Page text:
June 18, 2019

F-35B’s Gun Pod Trials Completed

F-35's Gun Pod Trials Completed

Morning Coffee is a robust blend of links to news around the Internet concerning the Naval Air Station Patuxent River Morning Coffee logoeconomic community. The opinions expressed here do not reflect opinions of the Leader’s owners or staff.

In-flight firing trials of the external, under-fuselage mounted 25 mm gun on a F-35B stealth fighter jet have recently been completed at NAS Pax, aviationanalysis.com reports. The General Dynamics GAU-22/A gun is attached externally on a centerline station in a conformal pod and is intended to be used during close-range ground air support missions. The gun fire testing took place earlier this month. Check out the video.

Air Force engineers are working on a new helmet and reconfigured ejection seat system to improve safety and lower the weight for its F-35 pilots, Defense Systems reports. The GEN III Light Helmet is now in pre-production in preparation for full production. The first flights with the new lightweight helmet are slated for 2018.

The Navy is continuing to make progress with its railgun program, reports Breaking Defense. Testing has been ongoing. Here’s video taken when the 32-megajoule railgun opened fire for the first time at the Naval Surface Warfare Center in Dahlgren, VA. Another railgun is being set up in New Mexico, where there’s enough wide-open space to fire the weapon at its maximum range of more than a hundred nautical miles.

US Naval Special Warfare Command wants SEALs to be wirelessly networked and communicating clearly at ever-deeper depths, Defense News reports, and to pass information to operators both over the horizon and on the beach. The program is also looking to get its SEALs to go deeper in the water, and it’s looking into underwater jet boots.

The Government Accountability Office says the Navy needs to get a handle on its manpower needs before it thinks about growing the fleet, Navy Times reports. The government’s watchdog is calling out the service for continuing to underman its ships.

Many in Israel are wary about President Donald Trump’s $110 billion deal with Saudi Arabia, reports Defense News. The deal could total up to $350 billion over the next decade. “We have also to make sure that those hundreds of billions of dollars of weapons to Saudi Arabia will not, by any means, erode Israel’s qualitative edge, because Saudi Arabia is still a hostile country without any diplomatic relations and nobody knows what the future will be,” Israel’s energy minister said.

In a speech Sunday, President Trump urged Arab and Islamic leaders to unite and do their share to defeat Islamist extremists, Reuters reports, making an impassioned plea to “drive out” terrorists while toning down his own harsh rhetoric about Muslims.

North Korea’s main spy agency has a special cell called Unit 180 that is likely to have launched some of its most daring and successful cyber attacks, reports Reuters. North Korea has been blamed in recent years for a series of online attacks, mostly on financial networks, in the US, South Korea, and many other countries. Cyber experts believe North Korea was behind the latest ransomware cyber attack, WannaCry.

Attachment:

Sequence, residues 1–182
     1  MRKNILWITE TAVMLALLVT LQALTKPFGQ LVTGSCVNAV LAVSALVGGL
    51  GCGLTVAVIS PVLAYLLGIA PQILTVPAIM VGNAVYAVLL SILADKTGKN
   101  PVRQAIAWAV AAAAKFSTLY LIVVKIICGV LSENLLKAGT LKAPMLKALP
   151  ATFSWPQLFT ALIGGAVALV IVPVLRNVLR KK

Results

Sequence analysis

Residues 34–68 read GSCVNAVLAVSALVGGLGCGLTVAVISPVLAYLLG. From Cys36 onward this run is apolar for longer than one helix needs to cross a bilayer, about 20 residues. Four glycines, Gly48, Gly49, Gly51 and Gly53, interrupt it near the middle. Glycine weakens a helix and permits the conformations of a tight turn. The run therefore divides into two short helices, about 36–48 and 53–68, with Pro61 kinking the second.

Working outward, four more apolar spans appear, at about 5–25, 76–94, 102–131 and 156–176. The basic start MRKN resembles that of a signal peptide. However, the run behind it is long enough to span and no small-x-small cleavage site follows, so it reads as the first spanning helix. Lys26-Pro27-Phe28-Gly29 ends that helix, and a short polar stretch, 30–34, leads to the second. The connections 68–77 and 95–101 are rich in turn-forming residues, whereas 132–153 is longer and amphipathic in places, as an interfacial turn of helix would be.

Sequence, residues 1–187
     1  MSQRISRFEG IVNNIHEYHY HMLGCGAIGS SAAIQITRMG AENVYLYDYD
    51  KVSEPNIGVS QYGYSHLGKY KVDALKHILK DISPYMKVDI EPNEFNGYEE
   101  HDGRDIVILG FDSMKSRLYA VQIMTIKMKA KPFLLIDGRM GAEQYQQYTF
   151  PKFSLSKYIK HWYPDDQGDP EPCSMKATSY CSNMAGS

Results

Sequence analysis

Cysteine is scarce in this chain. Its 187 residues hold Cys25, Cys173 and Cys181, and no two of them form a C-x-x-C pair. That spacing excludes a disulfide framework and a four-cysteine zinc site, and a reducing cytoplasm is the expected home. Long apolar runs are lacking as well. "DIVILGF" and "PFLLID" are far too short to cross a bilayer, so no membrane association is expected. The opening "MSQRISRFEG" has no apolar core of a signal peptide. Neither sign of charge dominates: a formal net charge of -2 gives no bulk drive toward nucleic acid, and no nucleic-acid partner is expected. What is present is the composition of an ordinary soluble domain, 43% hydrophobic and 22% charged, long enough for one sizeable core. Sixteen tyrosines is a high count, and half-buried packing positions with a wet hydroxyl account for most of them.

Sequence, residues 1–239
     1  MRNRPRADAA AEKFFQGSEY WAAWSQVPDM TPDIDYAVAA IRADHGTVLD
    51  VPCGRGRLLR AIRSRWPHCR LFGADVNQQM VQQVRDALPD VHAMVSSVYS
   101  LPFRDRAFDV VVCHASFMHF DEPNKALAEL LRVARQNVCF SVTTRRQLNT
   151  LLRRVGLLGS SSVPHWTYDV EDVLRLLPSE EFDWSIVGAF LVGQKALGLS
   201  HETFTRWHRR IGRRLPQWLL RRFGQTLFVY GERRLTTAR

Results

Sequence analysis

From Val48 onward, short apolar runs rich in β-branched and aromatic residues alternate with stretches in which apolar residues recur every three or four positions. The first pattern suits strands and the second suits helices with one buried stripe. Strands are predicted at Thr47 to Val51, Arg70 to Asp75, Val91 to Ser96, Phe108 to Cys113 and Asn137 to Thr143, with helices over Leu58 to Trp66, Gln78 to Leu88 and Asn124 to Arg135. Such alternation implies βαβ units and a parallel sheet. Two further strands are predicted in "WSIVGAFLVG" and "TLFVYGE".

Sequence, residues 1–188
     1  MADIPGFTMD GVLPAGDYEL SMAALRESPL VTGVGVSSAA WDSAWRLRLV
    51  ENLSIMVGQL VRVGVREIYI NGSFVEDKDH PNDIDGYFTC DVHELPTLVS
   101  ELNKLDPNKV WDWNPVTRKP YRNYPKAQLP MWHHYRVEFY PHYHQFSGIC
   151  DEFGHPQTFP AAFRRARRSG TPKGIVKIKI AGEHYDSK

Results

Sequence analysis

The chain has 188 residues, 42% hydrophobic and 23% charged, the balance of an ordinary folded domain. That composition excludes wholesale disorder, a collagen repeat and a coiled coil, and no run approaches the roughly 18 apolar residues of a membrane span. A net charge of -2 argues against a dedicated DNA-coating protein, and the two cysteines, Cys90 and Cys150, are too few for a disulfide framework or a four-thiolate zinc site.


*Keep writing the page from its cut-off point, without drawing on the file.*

US officials continue to push diplomatic and economic measures, hopeful that with the help of China, it can pressure Kim Jong Un to halt North Korea’s missile tests voluntarily, Military Times reports. The Trump administration sees no good military options in North Korea. Military leaders fear that any pre-emptive strike would almost certainly set in motion a “cataclysmic chain of events resulting in profound loss of life.”

DefSec James Mattis has made three appointments to his team at the Pentagon, The Hill reports. Stephen Kitay is the new deputy assistant secretary of defense for space policy; Sergio de la Peña is the deputy assistant secretary of defense for Western Hemisphere affairs; and Vayl Oxford is the director of the Defense Threat Reduction Agency.

Researchers have found that insomnia and sleep apnea are on the rise for active-duty military personnel, Military Times reports. “Sleep disorders are a serious problem that interferes with the ability of soldiers to do their jobs effectively,” said Harris Lieberman of the US Army Research Institute of Environmental Medicine.

Russia’s Defense Ministry says its Navy ships will fire missiles during drills from May 24-27 off the Libyan coast, Russian Beyond the Headlines reports. The maneuvers of the Russian fleet — seven ships and a submarine — will take place under the supervision of NATO reconnaissance planes and ships.

Contracts:

Northrop Grumman Systems Corp., San Diego, California, is being awarded $13,000,000 for firm-fixed-fee delivery order 0044 against a previously issued basic ordering agreement (N00019-15-G-0026) to procure one multi-function active sensor for the MQ-4C Triton unmanned aircraft system. Work will be performed in Baltimore, Maryland, and is expected to be completed in February 2021. Fiscal 2017 research, development, test and evaluation (Navy) funds in the amount of $13,000,000 are being obligated at time of award, none of which will expire at the end of the current fiscal year. The Naval Air Systems Command, Patuxent River, Maryland, is the contracting activity.

CGI Federal Inc., Fairfax, Virginia, was awarded a $13,849,802 firm-fixed-price contract for the Army Contract Writing System. Bids were solicited via the Internet with nine received. Work locations and funding will be determined with each order, with an estimated completion date of May 21, 2027. US Army Contracting Command, Rock Island Arsenal, Illinois, is the contracting activity (W52P1J-17-D-0031).

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